I think one of most interesting aspects of the open day was that, rather than cram it with “Aren’t we doing well” presentations from Leti, there were third party speakers in areas where Leti is active, to provide a global context to the lab’s activities. Yang Du, Director of engineering at Qualcomm Research, talked about building the biggest technology platform of mankind, and the numbers, even if they are not new, are somehow overwhelming. Growths of 1000X in data traffic, as people send more pictures of cats and tweet the contents of their breakfast, but, more importantly, stream video and work with software in the cloud, is going to create a need for new ways of building and configuring networks. Another external speaker was leading industry analyst Handel Jones, with a series of densely packed slides on where the semiconductor industry, including MEMS, is going.
But a presentation that had me riveted was from a senior thinker at drug giant SANOFI. Maya Said has a string of degrees in both engineering and biology from MIT, and she is a great presenter. “Big Pharma” is under a lot of pressure. Externally there are attacks by politicians on market domination and by academics on the way in which medical trials information is published. But there are other, and in some ways even bigger, issues. Said said we had the paradox that scientific progress isn’t translating into better healthcare. As an example, she put forward Seroom’s law: where Moore’s law shows things growing exponentially, Seroom shows that the number of drugs being introduced is falling exponentially, (halving every nine years), and those that are introduced are costing more to develop. These two are linked – if a drug is going to cost a lot to develop then a company will look at drugs that will sell only in large quantities. They will concentrate only on major diseases, with the consequence that diseases that are “minority” problems are going to be ignored.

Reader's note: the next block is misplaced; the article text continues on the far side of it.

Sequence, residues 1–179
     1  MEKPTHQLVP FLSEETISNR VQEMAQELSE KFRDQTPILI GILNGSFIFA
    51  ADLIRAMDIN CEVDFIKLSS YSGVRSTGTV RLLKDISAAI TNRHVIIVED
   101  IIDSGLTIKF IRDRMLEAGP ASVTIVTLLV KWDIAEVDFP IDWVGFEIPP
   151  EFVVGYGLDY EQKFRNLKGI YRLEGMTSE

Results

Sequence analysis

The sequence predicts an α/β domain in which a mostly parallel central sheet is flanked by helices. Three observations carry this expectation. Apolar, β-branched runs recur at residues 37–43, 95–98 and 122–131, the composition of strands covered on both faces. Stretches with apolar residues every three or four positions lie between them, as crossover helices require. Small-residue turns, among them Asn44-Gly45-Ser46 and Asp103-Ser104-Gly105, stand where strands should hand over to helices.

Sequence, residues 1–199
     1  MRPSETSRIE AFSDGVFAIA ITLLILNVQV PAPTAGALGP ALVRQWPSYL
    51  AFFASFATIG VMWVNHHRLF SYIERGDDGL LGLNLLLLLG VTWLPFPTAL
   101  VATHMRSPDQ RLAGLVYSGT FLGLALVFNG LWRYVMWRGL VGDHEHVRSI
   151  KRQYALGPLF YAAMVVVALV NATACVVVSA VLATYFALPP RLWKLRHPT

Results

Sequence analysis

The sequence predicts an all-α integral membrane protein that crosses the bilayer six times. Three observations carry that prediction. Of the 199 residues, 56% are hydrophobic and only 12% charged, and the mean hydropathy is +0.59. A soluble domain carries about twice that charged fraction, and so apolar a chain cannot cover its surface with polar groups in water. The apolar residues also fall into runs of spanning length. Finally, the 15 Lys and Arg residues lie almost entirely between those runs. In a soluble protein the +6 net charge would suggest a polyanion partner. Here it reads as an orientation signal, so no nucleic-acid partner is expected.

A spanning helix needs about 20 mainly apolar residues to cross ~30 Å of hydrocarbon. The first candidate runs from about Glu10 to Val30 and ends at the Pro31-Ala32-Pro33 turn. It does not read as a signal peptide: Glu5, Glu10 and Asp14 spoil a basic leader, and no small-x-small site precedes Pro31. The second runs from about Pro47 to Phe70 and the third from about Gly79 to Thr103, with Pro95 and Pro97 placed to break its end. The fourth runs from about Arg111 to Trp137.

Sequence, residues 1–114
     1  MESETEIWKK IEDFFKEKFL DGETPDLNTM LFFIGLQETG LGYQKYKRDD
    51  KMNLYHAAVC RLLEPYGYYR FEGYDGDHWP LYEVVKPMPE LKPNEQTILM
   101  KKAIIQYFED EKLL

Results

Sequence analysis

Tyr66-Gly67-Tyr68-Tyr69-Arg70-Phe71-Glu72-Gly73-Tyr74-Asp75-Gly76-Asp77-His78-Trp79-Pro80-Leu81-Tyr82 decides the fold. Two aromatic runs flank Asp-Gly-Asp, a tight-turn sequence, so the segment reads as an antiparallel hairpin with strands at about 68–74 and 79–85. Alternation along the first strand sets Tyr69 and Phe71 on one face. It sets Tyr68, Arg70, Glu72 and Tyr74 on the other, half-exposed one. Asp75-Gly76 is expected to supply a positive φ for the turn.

Also, increasingly, we are faced with diseases that are very difficult to understand – such as the different forms of dementia. This is where microelectronics can begin to help, both in diagnosis and in treatment. MEMS devices have the potential to deliver doses of treatment to very precisely defined areas of the body – to a specific tumour, or to a small area of the brain.
Another issue is that, unlike engineering generally, where a negative result from several years’ research is seen as a contribution to the general corpus of knowledge, this is not the case in the biological and life sciences:”failures” are swept under the carpet. This is part of the reason why negative clinical trials results are not published.
The current regulatory regime for the introduction of new therapies is geared to whole body treatments, and, as well as contributing to the lengthening introduction times, is also not fit for the purpose when reviewing new therapies.
So we are facing a future where, as we live longer, we are developing more complex diseases for which we have no sensible way to develop treatments. Leti hopes that Clinatec will begin to resolve these issues.